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Sleep Status: How Much is Ruled by Your Genes?

Each year, to highlight the importance of sleep health, National Sleep Awareness Week is recognized the second week of March. The week closes out with World Sleep Day today, Friday, March 13. Are you curious about how much of your sleep is ruled by your genes? Read on to learn more.

The Power of Sleep

After decades of turning our noses up at the proverbial 8 hours of sleep and power naps, sleep is having a comeback. Resting four hours a night is no longer seen as a trait of powerful CEOs and politicians, but as a health risk.

Poor sleep health can affect mood, mental processing and our risk of obesity, heart disease, diabetes and depression. Even with all the research showing the health benefits of sleep, the Centers for Disease Control estimates that about a third of Americans still get less than the recommended amount of sleep each night. For people 18 and older, it’s recommended they get seven hours or more of sleep a night. For babies, children and teenagers, it’s even more.

How Your Genes Can Affect Your Sleep

While sleep has been tied to physical and mental health, our genes can shape how much sleep we need each night to be healthy.

Media mogul Martha Stewart and Virgin CEO Richard Branson are among those who boast getting no more than four hours sleep a night, but are highly productive and fit. They may be among the few of us who have genetic mutations that allow them to get less sleep than the average person but can still function day to day. These “short sleepers” are often characterized as optimistic and energetic, in fact.

In 2010, researchers at University of California, San Francisco found that some of these short sleepers have a mutation in a gene called DEC2, which has been linked to circadian rhythm. Since then, our understanding of the genetics of sleep has only increased.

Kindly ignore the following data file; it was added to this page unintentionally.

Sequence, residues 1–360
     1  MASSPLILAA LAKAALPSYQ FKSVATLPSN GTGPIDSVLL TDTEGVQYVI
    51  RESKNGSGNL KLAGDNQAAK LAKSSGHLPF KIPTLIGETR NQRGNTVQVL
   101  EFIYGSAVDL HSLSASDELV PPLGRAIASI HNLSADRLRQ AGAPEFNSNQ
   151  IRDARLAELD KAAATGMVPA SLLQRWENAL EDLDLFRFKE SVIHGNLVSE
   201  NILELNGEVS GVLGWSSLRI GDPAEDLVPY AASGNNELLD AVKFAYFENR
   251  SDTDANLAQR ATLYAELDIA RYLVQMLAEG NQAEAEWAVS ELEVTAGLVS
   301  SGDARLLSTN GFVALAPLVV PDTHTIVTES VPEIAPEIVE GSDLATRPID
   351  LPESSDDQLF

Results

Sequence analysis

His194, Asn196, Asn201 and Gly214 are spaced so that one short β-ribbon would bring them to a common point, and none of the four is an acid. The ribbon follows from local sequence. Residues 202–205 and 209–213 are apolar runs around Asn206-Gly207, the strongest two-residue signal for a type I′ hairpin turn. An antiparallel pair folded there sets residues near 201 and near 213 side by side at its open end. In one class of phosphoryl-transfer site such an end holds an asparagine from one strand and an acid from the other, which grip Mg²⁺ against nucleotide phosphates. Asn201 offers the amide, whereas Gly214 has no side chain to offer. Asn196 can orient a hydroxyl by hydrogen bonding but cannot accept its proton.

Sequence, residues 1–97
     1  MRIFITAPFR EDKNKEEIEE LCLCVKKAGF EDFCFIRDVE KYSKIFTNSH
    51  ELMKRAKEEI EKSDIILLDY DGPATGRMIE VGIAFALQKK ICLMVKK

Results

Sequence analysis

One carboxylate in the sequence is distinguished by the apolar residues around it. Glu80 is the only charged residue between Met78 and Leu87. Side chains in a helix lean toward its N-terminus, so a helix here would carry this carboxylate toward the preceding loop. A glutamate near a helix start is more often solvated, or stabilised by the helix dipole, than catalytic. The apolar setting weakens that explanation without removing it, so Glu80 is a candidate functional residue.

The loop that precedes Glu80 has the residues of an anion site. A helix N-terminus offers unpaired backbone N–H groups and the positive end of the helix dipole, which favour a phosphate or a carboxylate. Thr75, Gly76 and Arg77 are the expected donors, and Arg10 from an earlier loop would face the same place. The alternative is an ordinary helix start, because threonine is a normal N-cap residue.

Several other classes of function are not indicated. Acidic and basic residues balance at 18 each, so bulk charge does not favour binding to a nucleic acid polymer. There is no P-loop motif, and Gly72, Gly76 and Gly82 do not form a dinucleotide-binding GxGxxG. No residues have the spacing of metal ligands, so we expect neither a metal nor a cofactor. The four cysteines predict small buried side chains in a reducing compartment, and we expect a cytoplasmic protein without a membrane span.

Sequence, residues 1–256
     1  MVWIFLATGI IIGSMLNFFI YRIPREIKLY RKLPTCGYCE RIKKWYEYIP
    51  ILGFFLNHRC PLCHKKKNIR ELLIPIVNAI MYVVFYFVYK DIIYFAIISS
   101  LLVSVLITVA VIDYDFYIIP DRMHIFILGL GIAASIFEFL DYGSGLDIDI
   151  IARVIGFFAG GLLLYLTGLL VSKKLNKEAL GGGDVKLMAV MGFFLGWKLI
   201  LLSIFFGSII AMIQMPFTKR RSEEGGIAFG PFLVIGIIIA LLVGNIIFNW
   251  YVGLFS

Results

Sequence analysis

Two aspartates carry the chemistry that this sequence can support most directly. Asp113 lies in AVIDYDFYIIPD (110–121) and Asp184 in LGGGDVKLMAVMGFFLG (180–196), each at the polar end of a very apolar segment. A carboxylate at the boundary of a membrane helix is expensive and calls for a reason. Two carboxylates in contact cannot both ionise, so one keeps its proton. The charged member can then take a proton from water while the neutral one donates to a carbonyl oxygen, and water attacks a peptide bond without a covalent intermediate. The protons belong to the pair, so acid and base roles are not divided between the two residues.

People who have short sleep syndrome, or advanced sleep phase disorder, are in contrast to those who have delayed sleep phase, meaning they can’t fall asleep until the early hours of the morning. They then struggle to make it to their 9 to 5 job.

Recently, a number of other sleep disorders have been linked back to genetics. Some instances of sleep apnea, narcolepsy, snoring and insomnia may be caused by physical symptoms, environmental factors, or your genes.

Scientists have identified at least six genes associated with restless leg syndrome (RSL), and treatments have been developed and approved for use. It’s also no surprise that 40 to 90% of people who have the syndrome also have at least one first-degree relative who also suffers from RLS.

While sleep apnea, and ultimately snoring, is most associated with obesity, smoking, age and sex, there is also a hereditary factor. Having a narrow airway or a propensity to obesity could be in your genes, which makes the likelihood of snoring go up. There are also genetic markers found in the blood, that when coupled with a family history, can greatly increase someone’s risk of the disorder.

The Omics of Sleep

The physiome, which is based on your physical activity such as your heart rate and daily step count, as well as your sleep health, affects your overall health. It’s also one of the omics that doc.ai helps users to track in their health profile.

By using Apple Health, Fitbit or other personal device, users can track the length and quality of their sleep over time. It can also help researchers use those data points to understand how physical processes interact and to build predictive models for new therapies.

Improve Your Sleep Health

Knowing that your sleep patterns are driven by your genes can’t help you to get to work on time, but there are ways that you can improve your sleep habits.

To improve your sleep health, the National Sleep Foundation recommends:

  • Don’t let your naps extend past 30 minutes.
  • Avoid caffeine and alcohol before going to sleep.
  • Exercise can improve sleep health.
  • Give yourself access to natural light during the day.
  • Develop a night-time routine.
  • Go to bed and wake up at about the same time each day, even on the weekends.
  • Don’t use cell phones or computers in bed or right before you go to sleep.

In honor of World Sleep Day, get some sleep this weekend--especially if you’re finding yourself still deprived from Daylight Savings Time.

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